NPR logo Report: 'Curveball' Admits For First Time That He Lied About Iraq's WMD

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Report: 'Curveball' Admits For First Time That He Lied About Iraq's WMD

"The defector who convinced the White House that Iraq had a secret biological weapons program has admitted for the first time that he lied about his story," The Guardian reports.

It adds that:

"Rafid Ahmed Alwan al-Janabi, codenamed Curveball by German and American intelligence officials ... has told the Guardian that he fabricated tales of mobile bioweapons trucks and clandestine factories in an attempt to bring down the Saddam Hussein regime."

As NPR's Don Gonyea and Jackie Northam reported in 2005, "when Secretary of State Colin Powell went to the United Nations in February of 2003 — six weeks before the war began — some of the key elements in his controversial presentation were the result of information provided by Curveball."

Two years later, Curveball was outed as an unreliable source.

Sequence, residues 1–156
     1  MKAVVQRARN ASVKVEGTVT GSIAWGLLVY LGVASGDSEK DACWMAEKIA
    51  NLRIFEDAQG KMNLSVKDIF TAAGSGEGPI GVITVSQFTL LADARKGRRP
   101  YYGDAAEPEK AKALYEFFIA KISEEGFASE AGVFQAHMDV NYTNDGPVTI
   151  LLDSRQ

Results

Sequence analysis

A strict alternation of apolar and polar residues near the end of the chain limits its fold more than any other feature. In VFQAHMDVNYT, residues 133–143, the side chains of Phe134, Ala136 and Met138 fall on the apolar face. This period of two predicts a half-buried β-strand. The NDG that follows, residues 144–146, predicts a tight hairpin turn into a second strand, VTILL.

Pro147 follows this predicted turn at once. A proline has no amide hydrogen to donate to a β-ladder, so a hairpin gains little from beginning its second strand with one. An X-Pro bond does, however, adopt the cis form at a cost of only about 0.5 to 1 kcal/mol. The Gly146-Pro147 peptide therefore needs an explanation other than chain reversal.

Now, he's told his story. And according to the Guardian, Janabi is "comfortable with what he did, despite the chaos of the past eight years and the civilian death toll in Iraq, which stands at more than 100,000."

"Believe me, there was no other way to bring about freedom to Iraq," Janabi told the newspaper. "There were no other possibilities."

Secretary of State Colin Powell, at the United Nations on Feb. 5, 2003, holds up a vial that he said was the size that could be used to hold anthrax. Powell was warning that Iraq might have the capability to produce biological and chemical weapons. And some of the faulty intelligence the U.S. relied on was supplied by "Curveball." Timothy A. Clary/AFP/Getty Images hide caption

toggle caption Timothy A. Clary/AFP/Getty Images

Secretary of State Colin Powell, at the United Nations on Feb. 5, 2003, holds up a vial that he said was the size that could be used to hold anthrax. Powell was warning that Iraq might have the capability to produce biological and chemical weapons. And some of the faulty intelligence the U.S. relied on was supplied by "Curveball."

Timothy A. Clary/AFP/Getty Images

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